The high pressure extends right over Scandinavia too, and at this time of year that means birds! A large female Sparrowhawk shot low over the farm yesterday. I've not seen one for a good few months and I'm guessing it was a migrant. Could explain where the slow guineafowl keet went.
The Swallows are still with us, though they are out of the stables now and beginning to congregate at the tops of the Ash trees, chattering constantly. I reckon they're giving directions for the journey south.
When I woke up this morning, the garden was alive with birds. There must have been a dozen blackbirds in the Ash trees and a similar number of Great Tits - too many to be accounted for by our resident population. The first lapwings of the autumn were flying over too. But it was to get much better. For when I wandered down to check on the sheep, I took the opportunity to scan the freshly ploughed fields and up from a dyke, chased by a raucous crow, came a Short-eared Owl. A buzzard quickly got in on the act, chasing it into the sky as it flapped lazily over my head and over the farm. As it went over the chickens, quite high now, the swallows all rose to harass it. It's not often that these two species meet here, for the owl is an early one and the swallows will be leaving very soon.

With a bit of luck it will be another good winter for Short-eared Owls. I'll never forget the sight of three hunting together over the farm a couple of years ago.

Wednesday, 3 September 2014

Barcelona Beans

Barcelona have Messi, Neymar and Suarez up front. A ridiculous embarrassment of riches.

I have a similar embarrassment of riches. I have Borlotti, Rocquencourt and Cobra, plus Tendergreens, Canada Wonders, Pea Beans and Blue Lake - an embarrassment of beans.
They all grow well (as long as I am patient and leave sowing them until uncomfortably late in the spring). They all crop well. They all taste delicious.

I also grow runner beans, two types. I feel I should grow runner beans. Every veg patch has runner beans. I can't be a proper gardener if I don't grow runner beans. If you know your football, runner beans are my Fred. In the team, but nobody quite knows why.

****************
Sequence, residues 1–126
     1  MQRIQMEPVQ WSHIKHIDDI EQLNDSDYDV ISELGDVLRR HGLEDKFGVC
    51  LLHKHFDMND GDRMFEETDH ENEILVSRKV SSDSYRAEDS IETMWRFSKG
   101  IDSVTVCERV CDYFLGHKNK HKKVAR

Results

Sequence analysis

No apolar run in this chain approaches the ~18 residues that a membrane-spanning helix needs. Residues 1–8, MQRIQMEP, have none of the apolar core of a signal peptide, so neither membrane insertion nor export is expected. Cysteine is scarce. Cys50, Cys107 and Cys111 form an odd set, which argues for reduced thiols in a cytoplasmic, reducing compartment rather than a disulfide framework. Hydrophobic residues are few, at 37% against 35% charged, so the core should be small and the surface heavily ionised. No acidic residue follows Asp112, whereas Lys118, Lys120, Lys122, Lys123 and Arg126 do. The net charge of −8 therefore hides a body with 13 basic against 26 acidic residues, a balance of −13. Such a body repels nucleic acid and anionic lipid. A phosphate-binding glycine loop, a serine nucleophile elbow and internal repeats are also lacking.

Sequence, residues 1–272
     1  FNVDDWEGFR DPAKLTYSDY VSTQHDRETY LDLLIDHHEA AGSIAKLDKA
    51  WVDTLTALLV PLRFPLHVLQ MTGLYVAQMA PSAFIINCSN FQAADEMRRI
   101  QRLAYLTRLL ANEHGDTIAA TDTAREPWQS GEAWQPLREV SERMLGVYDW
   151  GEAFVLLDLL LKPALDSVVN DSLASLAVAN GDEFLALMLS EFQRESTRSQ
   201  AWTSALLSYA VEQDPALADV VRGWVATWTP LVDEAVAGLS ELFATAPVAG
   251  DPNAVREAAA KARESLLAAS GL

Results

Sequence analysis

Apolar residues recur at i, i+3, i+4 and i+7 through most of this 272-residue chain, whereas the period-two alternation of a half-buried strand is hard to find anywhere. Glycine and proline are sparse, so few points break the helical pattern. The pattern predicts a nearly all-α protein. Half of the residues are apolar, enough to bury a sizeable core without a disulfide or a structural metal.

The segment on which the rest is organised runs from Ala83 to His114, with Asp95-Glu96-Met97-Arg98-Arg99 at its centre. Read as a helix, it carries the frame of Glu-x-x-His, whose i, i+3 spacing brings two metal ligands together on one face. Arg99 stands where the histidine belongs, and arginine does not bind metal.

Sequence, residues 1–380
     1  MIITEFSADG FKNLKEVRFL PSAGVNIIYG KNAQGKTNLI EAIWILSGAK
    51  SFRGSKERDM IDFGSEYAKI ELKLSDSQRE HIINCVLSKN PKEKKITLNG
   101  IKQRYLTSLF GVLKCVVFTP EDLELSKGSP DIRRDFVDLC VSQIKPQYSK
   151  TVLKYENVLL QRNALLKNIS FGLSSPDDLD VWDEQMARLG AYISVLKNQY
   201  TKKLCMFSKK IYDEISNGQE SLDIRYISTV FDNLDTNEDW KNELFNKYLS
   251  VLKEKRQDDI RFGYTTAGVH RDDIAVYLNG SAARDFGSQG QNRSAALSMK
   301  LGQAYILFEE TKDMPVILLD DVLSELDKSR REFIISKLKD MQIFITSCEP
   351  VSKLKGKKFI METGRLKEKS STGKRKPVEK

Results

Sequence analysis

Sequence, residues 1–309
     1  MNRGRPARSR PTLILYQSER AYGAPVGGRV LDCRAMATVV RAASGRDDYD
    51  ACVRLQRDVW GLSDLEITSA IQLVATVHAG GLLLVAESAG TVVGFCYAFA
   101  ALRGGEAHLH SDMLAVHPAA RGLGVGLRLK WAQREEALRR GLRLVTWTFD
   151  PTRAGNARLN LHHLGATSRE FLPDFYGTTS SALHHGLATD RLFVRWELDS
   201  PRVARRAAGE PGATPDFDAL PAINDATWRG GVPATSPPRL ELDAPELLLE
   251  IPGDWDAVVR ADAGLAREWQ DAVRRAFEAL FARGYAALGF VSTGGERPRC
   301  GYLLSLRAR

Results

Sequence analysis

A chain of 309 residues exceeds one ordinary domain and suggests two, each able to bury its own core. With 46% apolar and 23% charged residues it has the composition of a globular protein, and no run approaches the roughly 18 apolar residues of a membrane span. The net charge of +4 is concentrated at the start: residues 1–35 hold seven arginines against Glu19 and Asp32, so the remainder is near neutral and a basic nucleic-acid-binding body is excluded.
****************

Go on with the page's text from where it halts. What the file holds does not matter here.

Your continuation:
To be honest if you put a runner bean and a French bean next to each other, I'd go for the French every time. And there's no risk of ending up with a mouthful of stringiness (even 'stringless' runners end up stringy if you neglect picking them, which I inevitably do when all those crisp, fresh French beans are growing right next door.)

I do like the flowers, though, as do the bees. So the runners survive in the plan, but just for drying and using through the winter.

The French beans
You'll have to excuse the long grass - the mower's broken... again.
The French beans fall into two categories. Borlottis, Pea Beans and Canada Wonder are all grown just for drying, for the beans inside the pods.

The rest are grown for the pods, to be eaten fresh or sliced and frozen for later.
Cobra beans are climbers, which crop early and heavily, but which are gone all too soon. Blue Lake are similar. There's nothing between them really, but I suspect that if I measured the yield carefully the Cobras would just edge it. Besides, they have wonderful black beans inside. The Blue Lake have white beans.
Then there are the Rocquencourts. Dwarf yellow beans which snap crisply and have a wonderful waxy texture. Even with a failure first time round (too cold, too dry, didn't make it past the slugs and rabbits), the second attempt which I netted has yielded several bags of beans for the freezer.
So that just leaves the Dwarf Tendergreens. These came in a mixed packet from Poundland or some such shop, so I wasn't expecting too much. In fact, I forgot about them until yesterday when I noticed bunches of beans hiding below the leaves. So I picked a few to try and they were disappointingly good, even the ones which had grown a little long and fat. I say 'disappointingly' as this leaves me with my Barcelona bean situation. A ubiquity of quality.

Then there are the broad beans and, just for the extravagance, the Yardlong beans in the polytunnel.

So, here's my team. The final eleven.

Borlotti Bean 'Lingua de Fuoco'
French Bean 'Canada Wonder' (kidney beans)
Pea Bean
Runner Bean Armstrong (red)
Runner Bean 'White Lady'
Climbing French Bean 'Cobra'
Climbing French Bean 'Blue Lake'
Dwarf French Bean 'Tendergreen'
Dwarf French Bean 'Rocquencourt'
Broad Bean 'Bunyard's Exhibition'
Yardlong Bean
Just don't make me choose one to leave on the bench.